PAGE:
(c. 590-655)

Little is known of Martin’s early life. None-the-less, after being elected the bishop of Rome in 649, he certainly made his mark on the Church. One of his first missions was to call a local Council which established the correct theology of the church regarding the two wills of Christ. By 451, at the Council of Chalcedon, the church had synthesized centuries of theological debate by teaching, authoritatively, that the divine nature of the Second Person of the Trinity and the human nature of Jesus were distinct but united in the one person of Jesus Christ. This merging of divine natures in one person is called the hypostatic union. The Son of God, then, truly took flesh and experienced all things, save sin, that a man experiences.

Eastern Christians, primarily in Egypt and Syria, clung to a Monophysite, or one nature, theology of Jesus Christ long after Chalcedon had settled the matter. The Second Council of Constantinople in 553 attempted, unsuccessfully, to pull the Monophysites back into the orbit of Chalcedon. By the 600s, tensions between Chalcedonians and Monophysites were a political problem for the Byzantine empire. So, some Eastern theologians, supported by the Emperor, looked for common ground and proposed a one-willed Christ, instead of a one-natured Christ.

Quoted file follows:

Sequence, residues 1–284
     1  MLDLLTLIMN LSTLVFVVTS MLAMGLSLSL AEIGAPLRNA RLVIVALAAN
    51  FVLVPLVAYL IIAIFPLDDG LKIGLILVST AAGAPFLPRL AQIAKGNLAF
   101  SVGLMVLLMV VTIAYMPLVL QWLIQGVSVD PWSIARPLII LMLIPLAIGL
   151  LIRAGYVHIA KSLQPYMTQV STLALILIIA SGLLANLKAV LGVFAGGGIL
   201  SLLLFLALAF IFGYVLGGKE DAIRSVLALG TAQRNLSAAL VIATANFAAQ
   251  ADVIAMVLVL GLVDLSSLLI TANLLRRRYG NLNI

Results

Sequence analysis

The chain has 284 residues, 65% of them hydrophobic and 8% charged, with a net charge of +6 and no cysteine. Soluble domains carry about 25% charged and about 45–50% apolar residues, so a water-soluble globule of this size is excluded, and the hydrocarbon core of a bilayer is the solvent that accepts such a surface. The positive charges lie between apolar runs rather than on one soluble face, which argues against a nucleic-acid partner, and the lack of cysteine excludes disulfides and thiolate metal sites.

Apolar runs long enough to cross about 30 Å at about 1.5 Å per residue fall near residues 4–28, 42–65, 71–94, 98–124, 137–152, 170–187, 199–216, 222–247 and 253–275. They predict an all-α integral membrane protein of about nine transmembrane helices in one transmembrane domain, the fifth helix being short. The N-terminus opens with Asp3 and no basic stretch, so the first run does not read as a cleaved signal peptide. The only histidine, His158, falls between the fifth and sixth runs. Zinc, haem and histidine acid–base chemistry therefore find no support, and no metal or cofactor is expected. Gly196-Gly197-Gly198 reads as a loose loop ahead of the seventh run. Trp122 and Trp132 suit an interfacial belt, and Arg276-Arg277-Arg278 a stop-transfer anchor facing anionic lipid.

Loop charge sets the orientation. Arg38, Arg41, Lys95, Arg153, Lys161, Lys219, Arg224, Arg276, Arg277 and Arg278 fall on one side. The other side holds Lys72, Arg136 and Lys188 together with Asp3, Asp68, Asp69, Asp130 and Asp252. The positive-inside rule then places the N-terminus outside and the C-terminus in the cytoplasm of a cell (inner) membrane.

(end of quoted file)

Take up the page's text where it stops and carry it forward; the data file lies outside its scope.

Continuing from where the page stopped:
This one-will heresy is called Monothelitism (monos = one; thelos = will). The issue of Christ’s will(s) had never been formally resolved, so the Emperor hoped a one-willed, instead of a one-natured, Christ would placate the Monophysites and unite his theologically diverse subjects.

For this teaching and its broad dissemination, Martin was abducted in Rome by emissaries of the Byzantine Emperor Constans II, brought to Constantinople, and humiliated. Martin refused to retract or bend to the Emperor’s incorrect theology, which denied that Christ had a human will. Martin was imprisoned, publicly flogged, maltreated, condemned for treason, and exiled from Constantinople to the Crimean Peninsula on the Black Sea. And there the Pope died—naked, starving, forgotten, and alone—far from Rome, in the year 655, a victim of bad theology and the last pope, so far, venerated as a martyr.

Martin’s theology of the two wills was vindicated when it was explicitly defined by the Third Council of Constantinople in 681. This Council taught Christ’s human will was “in subjection to his divine and all-powerful will.” That is, Christ’s two wills were separate in their natures but freely united in their object.

Adapted by A.J. Valentini from: My Catholic Life! (2020, June 15). St. Martin I, Pope and Martyr.